A new study has found that the three most commonly-used dementia screening measures often misdiagnose patients. These tools mistakenly diagnose dementia in older adults who do not have that problem and miss people who do have dementia. The research was led by David J. Llewellyn at the University of Exeter Medical School, and published in Neurology: Clinical Practice.
The participants included 856 older adults from the US, part of the Aging, Demographics and Memory Study (ADAMS). The participants had received a comprehensive battery of tests, including the dementia screening measures relevant to this study. The three screening measures were the Mini-Mental State Examination (MMSE), the memory impairment screen (MIS), and animal naming (AN).
In the study, 35.7% of the participants were misclassified by at least one dementia screening. These mistakes included both false negatives and false positives.
False negatives occur when a screening test comes back negative, even though the person should receive a dementia diagnosis. False negatives happened most often when people stated that they had a good memory. That is elderly people, saying they have a good memory consistently predicts them not receiving a diagnosis of dementia—even if they meet all the criteria for the diagnosis.
False positives occur when a screening test comes back positive, even though a person does not have dementia. The traits associated with false positives in the dementia screening were living in a nursing home, being older, and being a person of color. That is, you are more likely to get a dementia diagnosis if you are older, live in a nursing home, or are Black—even if you do not meet the criteria for dementia.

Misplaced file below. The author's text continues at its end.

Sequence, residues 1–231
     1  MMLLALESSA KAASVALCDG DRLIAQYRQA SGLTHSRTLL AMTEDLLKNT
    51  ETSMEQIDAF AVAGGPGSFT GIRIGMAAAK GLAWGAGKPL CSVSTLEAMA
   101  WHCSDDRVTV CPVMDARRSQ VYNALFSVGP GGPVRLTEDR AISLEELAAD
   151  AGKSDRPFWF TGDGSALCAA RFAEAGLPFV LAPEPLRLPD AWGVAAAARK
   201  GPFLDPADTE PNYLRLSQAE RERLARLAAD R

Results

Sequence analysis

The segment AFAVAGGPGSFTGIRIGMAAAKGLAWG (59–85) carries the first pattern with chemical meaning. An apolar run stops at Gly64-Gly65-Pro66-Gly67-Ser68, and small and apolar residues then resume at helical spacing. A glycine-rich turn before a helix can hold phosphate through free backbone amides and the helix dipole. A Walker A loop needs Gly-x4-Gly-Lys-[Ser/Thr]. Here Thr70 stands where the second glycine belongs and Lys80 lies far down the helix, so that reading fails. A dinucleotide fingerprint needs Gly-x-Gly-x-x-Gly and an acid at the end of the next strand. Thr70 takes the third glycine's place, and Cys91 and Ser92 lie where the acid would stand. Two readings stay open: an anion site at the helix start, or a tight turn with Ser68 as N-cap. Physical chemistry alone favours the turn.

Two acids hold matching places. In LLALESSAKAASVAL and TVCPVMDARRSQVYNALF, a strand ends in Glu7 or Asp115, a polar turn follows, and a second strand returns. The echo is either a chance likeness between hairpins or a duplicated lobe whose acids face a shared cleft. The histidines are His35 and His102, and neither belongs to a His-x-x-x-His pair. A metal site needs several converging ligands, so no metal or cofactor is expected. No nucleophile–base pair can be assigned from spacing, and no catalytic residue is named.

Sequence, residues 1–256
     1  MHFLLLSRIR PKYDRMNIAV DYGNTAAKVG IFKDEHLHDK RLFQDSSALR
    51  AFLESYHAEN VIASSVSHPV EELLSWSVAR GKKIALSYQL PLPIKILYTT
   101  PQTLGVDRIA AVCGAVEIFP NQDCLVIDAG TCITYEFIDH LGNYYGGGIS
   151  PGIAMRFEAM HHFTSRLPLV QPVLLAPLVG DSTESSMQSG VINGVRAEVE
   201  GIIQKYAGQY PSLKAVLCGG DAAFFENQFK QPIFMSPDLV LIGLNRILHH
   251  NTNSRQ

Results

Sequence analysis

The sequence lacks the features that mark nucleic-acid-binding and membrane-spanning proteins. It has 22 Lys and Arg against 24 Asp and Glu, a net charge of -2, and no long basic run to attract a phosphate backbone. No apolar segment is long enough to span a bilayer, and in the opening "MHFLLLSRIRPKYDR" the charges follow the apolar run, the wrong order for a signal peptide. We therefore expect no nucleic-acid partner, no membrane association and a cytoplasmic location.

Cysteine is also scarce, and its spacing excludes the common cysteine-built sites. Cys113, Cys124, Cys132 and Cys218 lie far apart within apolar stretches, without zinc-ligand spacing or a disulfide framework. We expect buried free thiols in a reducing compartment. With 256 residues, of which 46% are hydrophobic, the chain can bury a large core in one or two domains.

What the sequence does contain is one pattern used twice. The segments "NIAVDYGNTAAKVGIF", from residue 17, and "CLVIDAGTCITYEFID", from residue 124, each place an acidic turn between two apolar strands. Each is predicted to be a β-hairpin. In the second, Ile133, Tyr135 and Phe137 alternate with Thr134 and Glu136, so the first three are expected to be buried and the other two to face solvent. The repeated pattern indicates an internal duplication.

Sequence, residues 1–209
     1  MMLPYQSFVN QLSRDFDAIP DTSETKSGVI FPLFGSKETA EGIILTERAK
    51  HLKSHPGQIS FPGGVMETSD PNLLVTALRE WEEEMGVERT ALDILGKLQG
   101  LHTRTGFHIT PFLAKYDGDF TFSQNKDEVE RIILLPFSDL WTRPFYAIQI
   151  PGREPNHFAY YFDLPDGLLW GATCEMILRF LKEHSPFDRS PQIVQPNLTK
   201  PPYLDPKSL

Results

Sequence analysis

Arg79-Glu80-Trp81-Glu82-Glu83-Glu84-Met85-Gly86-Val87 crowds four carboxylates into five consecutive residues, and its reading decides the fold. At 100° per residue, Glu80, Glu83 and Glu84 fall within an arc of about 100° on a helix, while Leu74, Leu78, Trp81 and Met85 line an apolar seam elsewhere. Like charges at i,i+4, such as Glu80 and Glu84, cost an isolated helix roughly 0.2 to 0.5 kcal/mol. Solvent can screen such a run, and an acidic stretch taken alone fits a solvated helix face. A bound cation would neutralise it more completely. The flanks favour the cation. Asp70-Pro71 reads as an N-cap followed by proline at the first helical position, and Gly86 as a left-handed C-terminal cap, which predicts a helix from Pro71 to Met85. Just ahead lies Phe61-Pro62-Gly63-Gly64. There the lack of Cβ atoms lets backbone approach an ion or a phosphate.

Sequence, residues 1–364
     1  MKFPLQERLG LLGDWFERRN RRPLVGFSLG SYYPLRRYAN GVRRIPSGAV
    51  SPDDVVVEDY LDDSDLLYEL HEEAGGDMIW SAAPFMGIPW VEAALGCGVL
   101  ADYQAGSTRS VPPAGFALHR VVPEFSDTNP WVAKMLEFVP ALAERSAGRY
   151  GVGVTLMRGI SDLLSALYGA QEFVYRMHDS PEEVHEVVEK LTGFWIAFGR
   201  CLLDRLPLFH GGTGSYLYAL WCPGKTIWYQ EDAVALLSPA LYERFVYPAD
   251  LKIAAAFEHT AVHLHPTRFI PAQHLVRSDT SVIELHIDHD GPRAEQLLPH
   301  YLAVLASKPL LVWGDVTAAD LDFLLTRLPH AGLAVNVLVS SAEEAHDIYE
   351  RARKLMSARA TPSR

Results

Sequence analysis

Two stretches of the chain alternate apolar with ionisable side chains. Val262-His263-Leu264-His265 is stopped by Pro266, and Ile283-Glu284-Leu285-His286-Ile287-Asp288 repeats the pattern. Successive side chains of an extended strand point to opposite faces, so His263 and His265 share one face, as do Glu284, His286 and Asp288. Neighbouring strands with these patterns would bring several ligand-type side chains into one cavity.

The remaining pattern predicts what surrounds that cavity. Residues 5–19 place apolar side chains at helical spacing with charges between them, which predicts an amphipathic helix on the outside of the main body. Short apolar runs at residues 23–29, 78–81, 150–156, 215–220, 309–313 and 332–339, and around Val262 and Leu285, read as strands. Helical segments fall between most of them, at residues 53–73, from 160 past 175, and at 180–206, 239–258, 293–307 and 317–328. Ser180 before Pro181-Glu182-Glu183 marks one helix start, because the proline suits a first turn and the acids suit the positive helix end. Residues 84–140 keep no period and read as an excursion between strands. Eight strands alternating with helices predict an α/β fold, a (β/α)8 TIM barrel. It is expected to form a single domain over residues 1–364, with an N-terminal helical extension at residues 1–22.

Another predictor of false negatives in specific tests, primarily the MMSE, is having a higher education level. That is, people with more advanced degrees are likely to be perceived as not having dementia, even if their cognitive abilities are declining enough to meet criteria.
Visual impairment and depression were also associated with false positives on some of the tests. According to the authors:
“False negatives may prevent or delay diagnosis, meaning missed opportunities for planning and timely access to treatment and services. False-positives may cause unnecessary referrals and investigations, affecting patients, families and health services.”
The data show that two tests misclassified 13.4% of participants, and all three tests misclassified only 1.4%. However, this does not mean that we could give all three tests to ensure no mistakes are made. Instead, what it means is that if we have all three tests, we might see two tests provide negative results (no diagnosis), and one test provide a positive result (diagnosis)—and we would not be able to determine which of the tests was correct.
The authors write that they hope these results can help guide clinical practice in the future, including assisting clinicians to understand what biases are embedded in the tests and how to diagnose dementia more holistically.
Ranson, J. M., Kuzma, E., Hamilton, W., Muniz-Terrera, G., Langa, K. M., & Llewellyn, D. J. (2018). Predictors of dementia misclassification when using brief cognitive assessments. Neurology: Clinical Practice, 9(1), 1-9. doi:10.1212/CPJ.0000000000000566 (Link)